Increasingly, states are allowing high schools to move away from traditional course seat-time requirements for graduation and allowing competency-based assessments, grade point average, class rank, and course rigor as measures to show students are ready for college.
A new report released Feb. 10 from the Denver-based Education Commission of the States reviewed how states are letting districts use some flexibility in how students demonstrate proficiency using multiple measures to gauge college readiness. The goal of these policies is to ease the transition from high school to college and get more students to pursue postsecondary education.
As of the 2014-15 school year, 47 states have established minimum high school graduation requirements, according to ECS. Of those, at least 18 states have complete or partial alignment between high school graduation course graduation requirements and statewide or systemwide college admission standards.
The report revealed a growing number of states offering competency-based assessments for students to show their mastery of content as an alternative to completing coursework. Some districts have added a requirement that students provide a portfolio of their work, such as writing samples, to reflect their learning.
ECS notes that some higher education institutions have responded by expanding admission requirements to recognize these alternative indicators.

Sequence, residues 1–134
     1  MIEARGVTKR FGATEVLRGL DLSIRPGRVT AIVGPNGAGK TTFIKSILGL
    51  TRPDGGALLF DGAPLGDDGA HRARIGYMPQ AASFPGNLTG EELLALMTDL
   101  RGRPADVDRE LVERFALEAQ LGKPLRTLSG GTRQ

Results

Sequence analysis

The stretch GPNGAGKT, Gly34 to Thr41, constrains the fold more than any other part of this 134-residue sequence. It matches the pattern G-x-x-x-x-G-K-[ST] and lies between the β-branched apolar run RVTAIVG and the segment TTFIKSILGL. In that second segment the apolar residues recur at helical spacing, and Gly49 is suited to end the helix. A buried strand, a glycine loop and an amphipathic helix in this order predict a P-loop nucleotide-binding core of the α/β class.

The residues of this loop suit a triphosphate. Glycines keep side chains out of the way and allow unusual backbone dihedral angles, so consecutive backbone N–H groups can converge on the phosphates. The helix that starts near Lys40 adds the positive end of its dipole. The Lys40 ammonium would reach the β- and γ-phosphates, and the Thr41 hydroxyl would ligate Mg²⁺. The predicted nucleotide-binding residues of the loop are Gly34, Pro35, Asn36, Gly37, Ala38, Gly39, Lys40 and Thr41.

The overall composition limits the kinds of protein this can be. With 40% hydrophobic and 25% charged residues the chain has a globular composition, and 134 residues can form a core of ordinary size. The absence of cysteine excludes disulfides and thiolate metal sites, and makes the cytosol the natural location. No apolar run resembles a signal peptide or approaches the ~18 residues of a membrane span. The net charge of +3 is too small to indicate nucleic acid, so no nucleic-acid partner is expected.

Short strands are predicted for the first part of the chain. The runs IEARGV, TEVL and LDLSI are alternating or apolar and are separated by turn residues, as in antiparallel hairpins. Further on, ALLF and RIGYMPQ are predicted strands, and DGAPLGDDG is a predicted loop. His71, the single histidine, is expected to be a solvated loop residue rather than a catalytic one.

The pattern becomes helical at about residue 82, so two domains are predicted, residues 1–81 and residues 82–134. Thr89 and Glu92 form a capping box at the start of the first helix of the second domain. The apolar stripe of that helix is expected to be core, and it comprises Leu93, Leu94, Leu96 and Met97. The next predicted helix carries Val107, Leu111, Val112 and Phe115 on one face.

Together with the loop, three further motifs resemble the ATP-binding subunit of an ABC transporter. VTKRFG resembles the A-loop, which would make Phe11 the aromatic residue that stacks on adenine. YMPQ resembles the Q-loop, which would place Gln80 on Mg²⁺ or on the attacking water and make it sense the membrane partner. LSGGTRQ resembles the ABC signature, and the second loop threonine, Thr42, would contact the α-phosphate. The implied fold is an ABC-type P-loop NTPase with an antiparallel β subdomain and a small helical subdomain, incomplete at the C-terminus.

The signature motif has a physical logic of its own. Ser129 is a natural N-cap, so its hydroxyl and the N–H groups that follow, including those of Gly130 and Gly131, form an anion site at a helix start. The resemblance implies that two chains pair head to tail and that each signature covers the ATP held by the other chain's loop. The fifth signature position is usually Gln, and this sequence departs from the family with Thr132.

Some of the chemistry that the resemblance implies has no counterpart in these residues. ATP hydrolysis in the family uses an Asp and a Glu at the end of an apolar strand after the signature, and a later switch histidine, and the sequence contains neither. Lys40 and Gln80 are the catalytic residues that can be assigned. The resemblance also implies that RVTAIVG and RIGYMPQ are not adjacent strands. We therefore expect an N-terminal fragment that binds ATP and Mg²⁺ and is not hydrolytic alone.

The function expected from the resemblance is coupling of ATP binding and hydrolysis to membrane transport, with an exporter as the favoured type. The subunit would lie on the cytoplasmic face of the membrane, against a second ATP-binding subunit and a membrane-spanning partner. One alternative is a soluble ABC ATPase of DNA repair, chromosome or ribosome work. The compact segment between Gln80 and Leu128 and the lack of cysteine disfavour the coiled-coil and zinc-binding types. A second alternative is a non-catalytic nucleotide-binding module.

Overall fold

“One of the important steps that needs to happen is for high school and higher education leaders and faculty to work more closely together to look at these multiple measures for demonstrating college readiness, to periodically review them, and understand which are more effective and clearly communicate their value to students, parents and campuses,” Mary Fulton, a policy analyst with the commission and a co-author of the report said in an interview. “There is encouraging activity at the state level, but there is some distance to go.”
The trend reflects some emerging research showing there are multiple factors that can predict success in college-level coursework, said Fulton. Once more of these policies are in place and it’s evident how well these measures play out in a student’s college career, she anticipates seeing more states expand how they recognize student achievement.
In some states, P-16 councils have been an effective way for K-12 and higher education to collaborate but Fulton said that there needs to be clearer pathways for these sectors to come together. As the common-core assessments roll out, high schools and colleges will need to discuss exam scores and come to some agreement about what performance level does indeed reflect college readiness, added Fulton.
Among the recommendations in the report, the commission encourages high schools to conduct early assessments in 11th grade to see if students are on track to be college ready and introduce interventions so they can get up to speed by graduation.
In a related Ed Week story, Liana Heitin recently wrote about how credit hours remain a vital measure, although 40 states now have policies that allow students to replace credit hours or Carnegie units with demonstrations of competency or out-of-school credit for academic credit. (See Credit Hours are Still Useful Measures for Schools.)
The latest report was part of the commission’s ongoing Blueprint for College Readiness project that included an analysis of state policy and searchable data portal launched last fall.
A version of this news article first appeared in the College Bound blog.